Parex Resources Remains One Of The Best Oil Stories Out There

| About: Parex Resources, (PARXF)

Summary

Parex Resources was free cash flow positive in the first quarter thanks to an exceptionally low capex bill.

As the oil price has increased again above $45/barrel, Parex will increase its capex level as well.

The company has signed two new farm-in agreements with Ecopetrol, and this could be very interesting.

Parex can earn a 50% working interest in blocks with a total surface area of 220,000 acres for a commitment of just $10M; a good deal.

Introduction

In my last two articles about Parex Resources (OTC:PARXF), I explained why I thought this company was ready to surprise (positively) as I do consider it to be one of the safest oil producers (operationwise). The company has now signed two joint venture deals with Ecopetrol (NYSE:EC) and I was wondering how this might impact my expectations.

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Parex is a Canadian company and should be traded on the Toronto Stock Exchange, where it's listed with PXT as its ticker symbol. The average daily volume is approximately 400,000 shares for $4M. The market capitalization is roughly $1.5B.

Q1 was pretty good, as expected

Parex produced a total of 28,900 barrels of oil-equivalent (an 8% increase compared to Q1 2015), of which approximately 99% consisted of oil. The average price received per barrel of oil-equivalent was approximately $27.10 which is almost 50% lower compared to the same quarter last year, but despite this, the company was still able to post a positive operating netback of just in excess of $8/boe. Although this is much lower than the $21.66/boe generated in Q1 2015, I think Parex should be very happy with this.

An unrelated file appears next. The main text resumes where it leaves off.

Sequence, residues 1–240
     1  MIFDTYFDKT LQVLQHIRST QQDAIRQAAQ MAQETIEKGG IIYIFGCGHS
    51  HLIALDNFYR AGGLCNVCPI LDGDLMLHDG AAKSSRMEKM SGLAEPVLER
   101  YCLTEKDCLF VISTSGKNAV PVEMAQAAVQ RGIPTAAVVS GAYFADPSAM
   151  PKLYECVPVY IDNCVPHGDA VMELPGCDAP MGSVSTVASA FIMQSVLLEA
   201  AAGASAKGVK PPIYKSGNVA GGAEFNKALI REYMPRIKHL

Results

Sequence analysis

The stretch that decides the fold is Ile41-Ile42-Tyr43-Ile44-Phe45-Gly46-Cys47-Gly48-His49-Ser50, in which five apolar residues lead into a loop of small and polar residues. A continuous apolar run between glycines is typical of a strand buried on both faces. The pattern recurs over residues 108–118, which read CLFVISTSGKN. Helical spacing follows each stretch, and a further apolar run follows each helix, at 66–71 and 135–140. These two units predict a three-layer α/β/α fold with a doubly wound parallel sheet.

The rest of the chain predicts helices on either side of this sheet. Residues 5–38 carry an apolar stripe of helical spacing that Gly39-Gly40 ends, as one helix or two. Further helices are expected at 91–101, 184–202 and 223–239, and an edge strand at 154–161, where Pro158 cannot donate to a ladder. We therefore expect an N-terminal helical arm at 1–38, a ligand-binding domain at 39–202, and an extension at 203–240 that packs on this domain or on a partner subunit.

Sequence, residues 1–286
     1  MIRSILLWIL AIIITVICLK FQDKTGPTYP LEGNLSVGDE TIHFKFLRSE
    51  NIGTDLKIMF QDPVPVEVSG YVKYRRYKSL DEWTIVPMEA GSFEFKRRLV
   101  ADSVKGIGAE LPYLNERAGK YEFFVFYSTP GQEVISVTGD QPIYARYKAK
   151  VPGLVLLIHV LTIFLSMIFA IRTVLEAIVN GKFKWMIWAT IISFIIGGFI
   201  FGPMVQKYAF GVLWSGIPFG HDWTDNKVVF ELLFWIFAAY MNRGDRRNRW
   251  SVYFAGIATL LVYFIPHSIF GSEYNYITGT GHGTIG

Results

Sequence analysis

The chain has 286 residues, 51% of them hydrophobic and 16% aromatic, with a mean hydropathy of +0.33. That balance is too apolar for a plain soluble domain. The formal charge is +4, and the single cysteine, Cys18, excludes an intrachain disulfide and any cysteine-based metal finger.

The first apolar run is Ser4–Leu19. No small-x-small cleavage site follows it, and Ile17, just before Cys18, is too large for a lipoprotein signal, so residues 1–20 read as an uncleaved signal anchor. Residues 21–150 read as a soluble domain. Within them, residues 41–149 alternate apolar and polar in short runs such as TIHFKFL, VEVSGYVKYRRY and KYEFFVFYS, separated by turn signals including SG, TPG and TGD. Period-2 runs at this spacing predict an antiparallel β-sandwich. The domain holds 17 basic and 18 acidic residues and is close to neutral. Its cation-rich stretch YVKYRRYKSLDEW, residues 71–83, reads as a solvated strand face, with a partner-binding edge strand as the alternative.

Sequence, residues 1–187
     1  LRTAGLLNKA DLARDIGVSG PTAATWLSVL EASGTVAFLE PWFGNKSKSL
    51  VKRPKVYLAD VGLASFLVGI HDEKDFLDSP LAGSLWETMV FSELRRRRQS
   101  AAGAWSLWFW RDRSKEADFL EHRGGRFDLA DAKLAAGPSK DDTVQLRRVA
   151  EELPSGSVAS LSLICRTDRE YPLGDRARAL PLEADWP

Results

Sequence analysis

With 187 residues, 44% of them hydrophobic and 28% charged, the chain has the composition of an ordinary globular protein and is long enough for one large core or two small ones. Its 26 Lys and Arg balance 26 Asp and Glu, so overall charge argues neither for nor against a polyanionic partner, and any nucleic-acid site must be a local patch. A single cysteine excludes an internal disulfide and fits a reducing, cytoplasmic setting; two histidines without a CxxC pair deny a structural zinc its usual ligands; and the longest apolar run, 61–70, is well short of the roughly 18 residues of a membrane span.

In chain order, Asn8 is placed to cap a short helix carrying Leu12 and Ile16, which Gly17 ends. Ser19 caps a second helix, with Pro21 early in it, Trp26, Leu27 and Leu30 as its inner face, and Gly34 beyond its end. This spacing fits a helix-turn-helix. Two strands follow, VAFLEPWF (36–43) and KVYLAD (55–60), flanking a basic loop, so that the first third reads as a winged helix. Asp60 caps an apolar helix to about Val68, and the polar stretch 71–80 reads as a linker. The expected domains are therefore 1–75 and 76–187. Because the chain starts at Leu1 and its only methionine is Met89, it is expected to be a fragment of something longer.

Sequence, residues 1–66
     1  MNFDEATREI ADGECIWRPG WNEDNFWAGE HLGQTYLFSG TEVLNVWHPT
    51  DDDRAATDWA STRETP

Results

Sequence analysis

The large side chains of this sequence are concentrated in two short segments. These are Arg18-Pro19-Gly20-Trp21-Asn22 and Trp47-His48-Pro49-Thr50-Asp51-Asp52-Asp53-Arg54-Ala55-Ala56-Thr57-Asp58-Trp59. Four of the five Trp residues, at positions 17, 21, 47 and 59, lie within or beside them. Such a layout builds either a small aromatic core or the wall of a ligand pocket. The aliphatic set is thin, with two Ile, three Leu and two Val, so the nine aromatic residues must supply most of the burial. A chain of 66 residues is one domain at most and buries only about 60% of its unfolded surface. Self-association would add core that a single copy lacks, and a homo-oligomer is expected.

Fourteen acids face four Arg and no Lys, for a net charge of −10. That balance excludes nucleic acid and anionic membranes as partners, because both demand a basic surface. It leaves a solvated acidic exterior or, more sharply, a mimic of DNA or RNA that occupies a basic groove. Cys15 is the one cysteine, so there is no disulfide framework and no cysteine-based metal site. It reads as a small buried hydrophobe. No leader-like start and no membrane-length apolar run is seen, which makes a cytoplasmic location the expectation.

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Source: company presentation

The total revenue in the first quarter was $70.3M, after taking a $5M hedge loss into consideration. As the total operating expenses were much higher, at $95M, Parex had to report a pre-tax loss of $27.6M, but thanks to the recovery of some current and deferred taxes, the net loss remained limited to $7.6M, and that's not really a bad result.

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Source: financial statements

Unfortunately Parex' transportation costs remain quite high. The total production costs of the 2.6 million barrels of oil were just $13.6M (indicating a cost of just over $5/barrel), but the transportation costs were killing the bottom line, as Parex had to pay $13/barrel to transport the oil to the customer. Throw in the $31M depreciation and depletion charge and it's pretty clear the company was unable to indeed generate a positive net profit.

This doesn't mean the company is in a 'lost' situation. Not at all. $31M in depreciation and $4.6M in share-based compensation means in excess of $35M of the operating expenses consisted of non-cash charges, and that's why the cash flow statements will provide you with another crucial piece of information; how much cash did Parex really generate?

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Source: financial statements